*NOTE: the opinions expressed in this article are mine alone and in no way a reflection of the editors*
Today, I read a piece in The Hollywood Reporter that just stopped shy of accusing actors, and in particular, Stephen Amell, of basically raping fandom by making money from sales of autographs and photo opportunities. As someone who has been in fandom since the early ‘80’s and has both attended, worked and run conventions, I felt this article was unfair and unbalanced. I know from personal experience why we have to pay, and should pay, for celebrity pictures and autographs.
Back before the days of the Internet, most celebrities attended conventions for the price of a plane ticket, accommodations, and a food and drink stipend. They signed autographs for free, took pictures for free. Most of us fans got our program books signed and took photos on our Kodak instamatics. There were no cell phones or selfies. These items were not shared instantaneously with thousands of others. What happened was two-fold:
Those of us who took photos on instamatics have watched as our precious images have slowly started to fade away. The ink on our program books is becoming a dim memory.
More importantly, even then there were people with pro-cameras out there doing this: taking professional pictures of celebrities, getting them signed – then heading out to the next convention to sell those photos to fans not fortunate to meet their idols. Not only was this taking advantage of fans, this was taking advantage of celebrities as well. They were not seeing a single dime from the wholesale market peddling their image and signature. Sounds unfair? You bet it was.
Then the Internet exploded, and piracy of just about any and all media grew exponentially. This went far beyond a mix tape for a loved one or a copy of a photo for a friend. Along comes eBay, and perhaps for the first time, celebrities became truly aware of how much money was being made on their images, their signatures, their performances, and yes, how badly their fans were being ripped off – especially on the Internet, where quality and authenticity weren’t always guaranteed.
So, thus were born the fees. Was I entirely happy? No, because I’m far from rich. Conventions cost way more than they did in the 80’s, but they are also getting bigger, more elaborate and more frequent. Fans have access to their heroes in ways unimaginable to us attending conventions in the early days. Meet and greets, VIP, photo ops…well, I never would have dreamed it possible. And this is happening in a way that is both fair and transparent to fans as well as to celebrities. Don’t you think if someone is selling your image, your signature, that you should be in on that deal? I do. Wouldn’t you want your fans to have the genuine article, one that you signed in front of them, and a posed, professional photograph that’s going to be framed and hung on your wall until forever? I would.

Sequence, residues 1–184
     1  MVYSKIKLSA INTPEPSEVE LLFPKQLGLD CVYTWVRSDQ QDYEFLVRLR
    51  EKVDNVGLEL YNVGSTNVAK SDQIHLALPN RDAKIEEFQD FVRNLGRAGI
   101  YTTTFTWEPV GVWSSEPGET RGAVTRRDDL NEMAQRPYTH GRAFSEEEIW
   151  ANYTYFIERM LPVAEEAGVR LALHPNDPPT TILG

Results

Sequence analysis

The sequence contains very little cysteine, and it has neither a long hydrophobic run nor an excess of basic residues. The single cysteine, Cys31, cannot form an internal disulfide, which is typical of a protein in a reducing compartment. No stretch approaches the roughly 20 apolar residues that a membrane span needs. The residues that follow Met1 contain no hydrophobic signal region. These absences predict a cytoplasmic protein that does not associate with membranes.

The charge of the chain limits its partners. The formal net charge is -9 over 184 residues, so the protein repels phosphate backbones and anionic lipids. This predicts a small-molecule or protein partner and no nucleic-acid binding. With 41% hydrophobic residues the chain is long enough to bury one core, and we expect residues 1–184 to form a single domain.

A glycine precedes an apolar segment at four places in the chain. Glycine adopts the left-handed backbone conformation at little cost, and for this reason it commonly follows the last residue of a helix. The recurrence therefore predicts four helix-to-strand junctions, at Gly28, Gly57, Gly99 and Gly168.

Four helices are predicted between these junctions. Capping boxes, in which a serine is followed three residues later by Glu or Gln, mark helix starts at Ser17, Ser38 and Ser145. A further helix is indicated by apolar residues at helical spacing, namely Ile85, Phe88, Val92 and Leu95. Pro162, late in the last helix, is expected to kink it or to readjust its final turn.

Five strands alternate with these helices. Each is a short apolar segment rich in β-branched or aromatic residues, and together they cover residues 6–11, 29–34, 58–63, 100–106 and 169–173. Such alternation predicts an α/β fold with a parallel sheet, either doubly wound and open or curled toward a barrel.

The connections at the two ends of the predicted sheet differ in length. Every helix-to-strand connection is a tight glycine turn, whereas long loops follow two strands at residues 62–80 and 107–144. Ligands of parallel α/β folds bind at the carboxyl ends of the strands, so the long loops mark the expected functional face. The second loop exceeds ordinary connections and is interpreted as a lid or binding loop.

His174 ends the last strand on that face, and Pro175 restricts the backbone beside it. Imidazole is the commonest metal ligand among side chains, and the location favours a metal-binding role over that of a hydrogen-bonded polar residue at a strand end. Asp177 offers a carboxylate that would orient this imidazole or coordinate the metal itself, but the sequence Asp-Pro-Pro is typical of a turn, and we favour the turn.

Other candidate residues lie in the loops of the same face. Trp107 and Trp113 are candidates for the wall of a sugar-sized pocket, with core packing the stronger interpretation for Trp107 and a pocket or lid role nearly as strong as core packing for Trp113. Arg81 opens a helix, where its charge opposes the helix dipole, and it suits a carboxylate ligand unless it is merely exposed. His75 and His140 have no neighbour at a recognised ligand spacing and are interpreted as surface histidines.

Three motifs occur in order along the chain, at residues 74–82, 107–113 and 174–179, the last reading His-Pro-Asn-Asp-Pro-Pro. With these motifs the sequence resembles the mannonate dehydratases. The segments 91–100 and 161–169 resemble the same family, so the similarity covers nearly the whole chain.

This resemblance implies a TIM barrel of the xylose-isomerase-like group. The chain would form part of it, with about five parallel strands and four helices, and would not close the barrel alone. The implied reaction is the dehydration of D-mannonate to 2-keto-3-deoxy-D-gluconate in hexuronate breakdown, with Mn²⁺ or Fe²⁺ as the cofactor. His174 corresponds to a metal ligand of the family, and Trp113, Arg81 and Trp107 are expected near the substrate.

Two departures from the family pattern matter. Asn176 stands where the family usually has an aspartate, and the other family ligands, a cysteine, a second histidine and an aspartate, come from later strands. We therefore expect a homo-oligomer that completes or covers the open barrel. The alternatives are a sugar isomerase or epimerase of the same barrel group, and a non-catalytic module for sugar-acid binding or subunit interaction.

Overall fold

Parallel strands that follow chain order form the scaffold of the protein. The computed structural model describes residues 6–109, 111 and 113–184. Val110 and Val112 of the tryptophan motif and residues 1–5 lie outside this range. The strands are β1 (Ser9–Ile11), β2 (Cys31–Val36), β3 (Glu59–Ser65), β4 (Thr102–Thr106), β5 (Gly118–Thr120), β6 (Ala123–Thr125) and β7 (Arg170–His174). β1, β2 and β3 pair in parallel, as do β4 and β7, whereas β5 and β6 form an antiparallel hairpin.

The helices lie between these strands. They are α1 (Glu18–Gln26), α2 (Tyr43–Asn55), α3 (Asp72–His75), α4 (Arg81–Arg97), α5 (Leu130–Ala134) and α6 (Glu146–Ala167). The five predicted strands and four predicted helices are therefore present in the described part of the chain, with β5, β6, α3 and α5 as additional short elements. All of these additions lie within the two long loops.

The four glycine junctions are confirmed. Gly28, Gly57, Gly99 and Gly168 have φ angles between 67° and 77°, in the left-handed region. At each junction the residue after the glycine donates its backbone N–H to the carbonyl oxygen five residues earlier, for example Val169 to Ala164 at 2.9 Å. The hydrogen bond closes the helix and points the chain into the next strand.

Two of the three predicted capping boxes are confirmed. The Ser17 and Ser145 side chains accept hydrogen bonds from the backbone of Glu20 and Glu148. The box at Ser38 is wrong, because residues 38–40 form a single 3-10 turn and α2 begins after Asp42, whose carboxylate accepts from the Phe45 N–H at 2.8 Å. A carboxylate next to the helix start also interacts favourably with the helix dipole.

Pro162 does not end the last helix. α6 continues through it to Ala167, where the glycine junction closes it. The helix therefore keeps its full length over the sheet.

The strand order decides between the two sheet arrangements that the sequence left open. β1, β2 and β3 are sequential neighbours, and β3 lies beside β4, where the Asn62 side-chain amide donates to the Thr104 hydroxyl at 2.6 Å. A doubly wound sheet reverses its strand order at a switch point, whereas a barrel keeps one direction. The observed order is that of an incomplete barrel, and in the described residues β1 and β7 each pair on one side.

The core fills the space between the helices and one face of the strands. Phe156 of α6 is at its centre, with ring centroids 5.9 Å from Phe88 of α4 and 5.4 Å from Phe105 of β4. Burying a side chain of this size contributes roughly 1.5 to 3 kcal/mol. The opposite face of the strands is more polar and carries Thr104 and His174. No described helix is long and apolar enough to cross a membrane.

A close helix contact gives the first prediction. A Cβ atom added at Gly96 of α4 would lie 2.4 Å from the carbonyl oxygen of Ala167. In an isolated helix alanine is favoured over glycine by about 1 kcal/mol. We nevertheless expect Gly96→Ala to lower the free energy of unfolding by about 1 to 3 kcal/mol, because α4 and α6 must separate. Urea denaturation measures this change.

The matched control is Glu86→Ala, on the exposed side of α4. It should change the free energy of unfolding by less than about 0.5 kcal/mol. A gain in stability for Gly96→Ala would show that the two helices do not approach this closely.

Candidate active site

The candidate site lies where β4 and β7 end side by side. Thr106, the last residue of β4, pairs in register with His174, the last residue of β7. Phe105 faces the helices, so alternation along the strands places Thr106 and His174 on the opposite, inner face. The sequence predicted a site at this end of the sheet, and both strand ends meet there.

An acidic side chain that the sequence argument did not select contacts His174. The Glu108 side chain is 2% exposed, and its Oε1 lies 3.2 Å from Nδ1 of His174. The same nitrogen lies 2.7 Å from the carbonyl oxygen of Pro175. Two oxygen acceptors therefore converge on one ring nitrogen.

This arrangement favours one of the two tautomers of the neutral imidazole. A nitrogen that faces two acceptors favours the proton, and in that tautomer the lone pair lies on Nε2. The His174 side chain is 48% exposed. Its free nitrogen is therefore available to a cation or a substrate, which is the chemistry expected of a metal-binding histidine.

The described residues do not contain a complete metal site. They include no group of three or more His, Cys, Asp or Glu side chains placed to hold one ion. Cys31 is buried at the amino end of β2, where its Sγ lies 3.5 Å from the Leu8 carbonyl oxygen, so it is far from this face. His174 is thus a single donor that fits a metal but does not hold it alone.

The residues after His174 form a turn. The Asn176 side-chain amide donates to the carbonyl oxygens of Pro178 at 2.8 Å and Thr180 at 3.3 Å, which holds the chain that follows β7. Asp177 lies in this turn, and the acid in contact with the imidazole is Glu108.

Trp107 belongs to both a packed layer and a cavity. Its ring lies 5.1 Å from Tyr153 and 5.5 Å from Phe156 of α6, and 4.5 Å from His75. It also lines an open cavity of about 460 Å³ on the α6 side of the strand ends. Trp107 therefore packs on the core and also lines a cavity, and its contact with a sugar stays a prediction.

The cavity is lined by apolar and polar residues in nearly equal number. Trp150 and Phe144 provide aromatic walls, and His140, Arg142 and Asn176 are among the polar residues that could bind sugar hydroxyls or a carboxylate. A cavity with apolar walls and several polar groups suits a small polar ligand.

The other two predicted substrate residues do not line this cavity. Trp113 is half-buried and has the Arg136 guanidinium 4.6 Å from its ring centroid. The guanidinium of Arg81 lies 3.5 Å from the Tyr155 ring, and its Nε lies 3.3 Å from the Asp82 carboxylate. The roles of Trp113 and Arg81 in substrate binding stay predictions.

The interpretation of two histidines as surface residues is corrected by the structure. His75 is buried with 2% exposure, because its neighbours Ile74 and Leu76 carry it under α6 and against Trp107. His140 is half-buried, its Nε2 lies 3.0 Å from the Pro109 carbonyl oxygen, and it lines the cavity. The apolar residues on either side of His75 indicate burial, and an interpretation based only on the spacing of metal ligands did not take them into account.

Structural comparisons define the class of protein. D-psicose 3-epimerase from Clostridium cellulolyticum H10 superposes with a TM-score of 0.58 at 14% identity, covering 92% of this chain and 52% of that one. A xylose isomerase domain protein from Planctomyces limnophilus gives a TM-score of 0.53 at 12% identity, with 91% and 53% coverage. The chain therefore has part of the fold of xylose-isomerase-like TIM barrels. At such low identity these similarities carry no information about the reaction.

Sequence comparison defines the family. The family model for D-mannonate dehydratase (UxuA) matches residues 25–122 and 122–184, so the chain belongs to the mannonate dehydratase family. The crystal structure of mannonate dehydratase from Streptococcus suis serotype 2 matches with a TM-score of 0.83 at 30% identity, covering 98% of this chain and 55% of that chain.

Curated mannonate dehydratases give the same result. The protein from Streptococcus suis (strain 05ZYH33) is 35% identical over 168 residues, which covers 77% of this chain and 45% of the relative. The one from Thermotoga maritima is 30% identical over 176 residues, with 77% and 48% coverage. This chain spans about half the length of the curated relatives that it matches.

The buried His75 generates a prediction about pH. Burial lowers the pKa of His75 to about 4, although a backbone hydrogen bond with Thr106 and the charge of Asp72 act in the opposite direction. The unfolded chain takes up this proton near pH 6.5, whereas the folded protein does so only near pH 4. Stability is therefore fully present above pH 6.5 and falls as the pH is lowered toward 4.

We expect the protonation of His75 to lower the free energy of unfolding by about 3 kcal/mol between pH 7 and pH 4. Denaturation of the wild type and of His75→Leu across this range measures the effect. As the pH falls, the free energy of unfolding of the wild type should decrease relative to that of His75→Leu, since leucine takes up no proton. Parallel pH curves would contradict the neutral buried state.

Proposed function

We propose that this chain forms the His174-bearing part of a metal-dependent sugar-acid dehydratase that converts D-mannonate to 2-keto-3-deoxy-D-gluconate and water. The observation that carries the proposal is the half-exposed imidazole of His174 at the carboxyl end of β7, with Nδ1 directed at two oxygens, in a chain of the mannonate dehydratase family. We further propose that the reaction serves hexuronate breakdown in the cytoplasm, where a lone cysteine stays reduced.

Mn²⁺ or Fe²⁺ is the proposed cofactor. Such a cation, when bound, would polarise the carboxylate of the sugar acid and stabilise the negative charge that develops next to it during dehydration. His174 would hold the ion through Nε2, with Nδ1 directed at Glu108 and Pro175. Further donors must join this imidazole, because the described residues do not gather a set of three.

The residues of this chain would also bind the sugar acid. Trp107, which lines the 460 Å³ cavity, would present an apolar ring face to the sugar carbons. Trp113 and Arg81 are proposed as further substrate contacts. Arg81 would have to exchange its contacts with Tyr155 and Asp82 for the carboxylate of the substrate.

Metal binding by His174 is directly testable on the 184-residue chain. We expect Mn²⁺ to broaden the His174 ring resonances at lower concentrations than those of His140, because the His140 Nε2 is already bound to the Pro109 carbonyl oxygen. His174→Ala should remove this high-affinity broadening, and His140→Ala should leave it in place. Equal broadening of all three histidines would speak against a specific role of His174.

Let’s also be honest about this: a celebrity’s niceness isn’t measured in dollar signs. I’ve been mistreated by only a very few celebrities then and now, and trust me when I tell you, I won’t waste another moment on them, their TV shows, their movies or their music. Ever. I will however, continually pay for an experience with an artist or actor who has demonstrated kindness above and beyond whatever was written in their contract. Stars that could call me on the phone tomorrow (and I wish they would!) to ask for a favor to which I would gladly comply. I’m only going to drop one name here, because anyone who has ever met him knows just what I’m talking about: John Barrowman. This man’s remarkable gentleness, kindness, attentiveness and generosity is real. Really, really real.
I also want to mention this: many celebrities donate a portion of the money they earn from photo ops and autographs to charity. Mentioning John Barrowman again, he was just in my home state of Florida, for a one-day event in Orlando. It was widely advertised that his profits were going to One Orlando, a fund set up for the victims and families of the Pulse nightclub shootings. He is not alone in charity work – Patrick Stewart does it; Adrian Paul, Marina Sirtis, and many others have signs on their booths letting fans know where their money is going.
So before you shake your head or make judgments about someone taking your hard earned dollar, think about the words above. Despite what some would have you believe, it’s a win/win for all of those involved.